Money has always been important in politics, but today we can without fear of contradiction say that money rules politics. The Center for Responsive Politics puts the total cost of the 2008 elections for Congress and the White House at $5.3 billion, including spending by candidates, national political parties and outside issue advocacy groups. A USA TODAY analysis of campaign contributions in 2007-2008 identified 175 members of Congress who received half or more of their campaign cash from 4600 political action committees (PACs) spawned by the 1976 ruling.
Money matters. The candidate who spends the most money wins over 90 percent of the time. This is true even for open seats. The top spender in House open seat contests won 84 percent of the time. The Senate candidate who spent the most in an open seat race did even better, winning 88 percent of the time. This is the reason members of Congress now spend 25-40 percent of their time begging for money.
A majority of political money still comes from individual contributions, not from PACs. But Jeff Milchen, the Executive Director of ReclaimDemocracy.org points out that just one in a thousand adult Americans contributed $1,000 or more to any candidate in 2004 but those contributions constituted more than 80 percent of the money raised from individuals by candidates for the presidential nomination. “The power of that 1% of citizens making thousand-dollar investments is further amplified by their ability to “bundle” contributions in the name of family members, co-workers or employees to offer many thousands of dollars to a candidate in a lump sum”, notes Milchen. “In George W. Bush’s 2004 presidential campaign, bundling $200,000 was the measure by which donors gained serious influence.”
Jamie Raskin, a Maryland state senator and law professor at American university offers a hypothetical example that demonstrates the Citizens United decision. The Fortune l00 corporations had profits in 2008 totaling about $600 billion. If they spent only l percent of their profits on elections, a trivial sum to protect and foster their interests, the total comes to $6 billion. That is more money than was spent for and on behalf of all congressional and presidential candidates in 2008.
Political scientist Thomas Ferguson has developed an “investment theory” of politics. By tracing the source of campaign funding to the parties and their candidates, he insists, you can predict the issues the parties will push and their policy positions once in office. “Public opinion has only a weak and inconstant influence on policy. The political system is largely investor-driven, and runs on enormous quantities of money”.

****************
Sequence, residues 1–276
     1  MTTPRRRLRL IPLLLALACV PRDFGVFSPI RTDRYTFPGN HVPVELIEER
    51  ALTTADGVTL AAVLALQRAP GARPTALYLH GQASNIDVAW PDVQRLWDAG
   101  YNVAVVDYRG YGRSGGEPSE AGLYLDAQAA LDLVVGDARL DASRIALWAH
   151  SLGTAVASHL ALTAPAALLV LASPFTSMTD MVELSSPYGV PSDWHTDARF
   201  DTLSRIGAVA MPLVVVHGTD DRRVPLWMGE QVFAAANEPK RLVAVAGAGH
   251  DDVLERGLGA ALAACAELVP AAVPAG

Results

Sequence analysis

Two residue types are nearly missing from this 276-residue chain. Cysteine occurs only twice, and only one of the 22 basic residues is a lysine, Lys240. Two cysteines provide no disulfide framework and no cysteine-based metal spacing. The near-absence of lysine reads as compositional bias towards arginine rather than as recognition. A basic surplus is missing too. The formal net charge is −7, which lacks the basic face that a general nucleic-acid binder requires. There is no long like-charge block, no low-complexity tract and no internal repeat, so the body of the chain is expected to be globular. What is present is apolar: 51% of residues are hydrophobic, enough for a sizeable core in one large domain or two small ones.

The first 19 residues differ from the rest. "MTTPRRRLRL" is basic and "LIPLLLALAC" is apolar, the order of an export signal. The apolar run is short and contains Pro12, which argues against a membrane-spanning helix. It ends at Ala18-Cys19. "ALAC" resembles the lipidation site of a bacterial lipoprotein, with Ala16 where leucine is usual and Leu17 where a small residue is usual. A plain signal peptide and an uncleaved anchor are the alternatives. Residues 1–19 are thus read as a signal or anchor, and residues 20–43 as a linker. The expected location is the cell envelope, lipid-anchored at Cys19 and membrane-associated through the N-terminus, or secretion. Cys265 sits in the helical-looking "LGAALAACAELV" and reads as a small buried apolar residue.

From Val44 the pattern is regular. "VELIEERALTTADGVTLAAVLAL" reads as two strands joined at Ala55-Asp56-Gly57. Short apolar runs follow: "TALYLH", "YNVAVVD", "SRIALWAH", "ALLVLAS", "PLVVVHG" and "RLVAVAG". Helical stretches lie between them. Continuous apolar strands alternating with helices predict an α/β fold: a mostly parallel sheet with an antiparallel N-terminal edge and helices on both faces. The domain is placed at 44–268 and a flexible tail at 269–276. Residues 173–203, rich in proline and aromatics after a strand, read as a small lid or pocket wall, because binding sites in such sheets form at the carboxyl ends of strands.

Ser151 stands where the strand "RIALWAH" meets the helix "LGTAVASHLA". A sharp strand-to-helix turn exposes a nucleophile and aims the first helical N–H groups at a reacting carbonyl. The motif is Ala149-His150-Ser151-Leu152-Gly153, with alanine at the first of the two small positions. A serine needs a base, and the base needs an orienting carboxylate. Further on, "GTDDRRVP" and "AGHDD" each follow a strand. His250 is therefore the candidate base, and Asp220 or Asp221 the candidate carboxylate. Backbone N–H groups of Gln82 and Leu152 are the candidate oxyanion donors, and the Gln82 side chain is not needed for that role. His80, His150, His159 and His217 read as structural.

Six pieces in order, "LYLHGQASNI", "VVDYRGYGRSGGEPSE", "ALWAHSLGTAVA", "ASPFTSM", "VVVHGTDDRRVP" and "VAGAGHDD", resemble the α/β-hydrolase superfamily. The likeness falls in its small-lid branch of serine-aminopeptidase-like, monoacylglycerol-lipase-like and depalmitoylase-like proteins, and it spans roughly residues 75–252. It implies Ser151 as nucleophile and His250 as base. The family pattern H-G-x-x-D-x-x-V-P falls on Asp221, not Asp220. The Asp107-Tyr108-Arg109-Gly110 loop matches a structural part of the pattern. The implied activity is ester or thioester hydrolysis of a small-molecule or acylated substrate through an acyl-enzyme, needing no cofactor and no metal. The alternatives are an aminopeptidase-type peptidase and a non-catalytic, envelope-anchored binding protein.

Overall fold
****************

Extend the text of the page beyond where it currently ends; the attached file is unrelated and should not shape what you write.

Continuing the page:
“…most of American business and the superrich have espoused increasingly radical versions of “laissez faire” economics…demands for tax ‘relief’, freedom from regulation, cuts in social welfare expenditures, labor cost reductions and tighter control of increasingly decentralized production systems dominate the funders’ consciousness and thus public consciousness…”, Ferguson maintains. For these sectors, ‘compromise’ means foregone profits. They are, accordingly, unbending and expect their political mouthpieces to be similarly unyielding.”
Each time Congress or the states have tried to rein in the power of concentrated wealth the Roberts Court has said no. Citizens United is simply the latest and so far the most egregious example.
When states or the federal government try to make elections fairer the Roberts Court says no. Vermont passed a law to cap campaign expenditures for state offices. The cap for Governor was $300,000. On a per capita basis, that is about $18 million for a California gubernatorial candidate. In 2006 the Roberts Court struck the law down.
In 2002, Congress tried to close a loophole in the campaign finance law that allowed billionaire candidates to spend an unlimited amount of their own money on their own campaigns. Congress didn’t try to impose a limit on their spending. The Court had already forestalled that option in 1976. Instead it allowed a candidate to gain access to more public and other financing when her opponent spent more than $350,000 of her own money.
The Roberts Court struck down what has been called, appropriately, the “millionaire’s amendment”. Speaking for a 5-4 majority, Justice Samuel Alito, the same Justice who shook his head at President Obama told Congress that it may not act to “level electoral opportunities.”
In 2007 in a case based on the same provision of the same law as Citizens United, the Court held that corporate and union ads were constitutionally protected so long as they did not explicitly endorse or oppose candidates. Citizens United expanded that constitutional protection. David Kairys, Professor of Law at Temple University wryly observes, “before Citizens United, a corporation or union could sponsor ads with its treasury funds that said ‘Tell Congressman Smith to stop destroying America.’ After Citizens United, they can add at the end ‘and, by the way, don’t vote for him.’”
Nathaniel Persily, Director of the Center for Law and Politics at Columbia predicts that Citizens United will not be the Supreme Court’s last obeisance to corporations. “… the ban on soft money, which prevents corporate and union contributions to political parties and candidates, might be the next restriction to fall. If corporations are like individuals, how can Congress completely ban soft-money contributions from one while letting the other give within limits? The case RNC v. FEC, now working its way up to the court, poses a very similar question. Given the tone of Citizens United, we should expect a bold response.”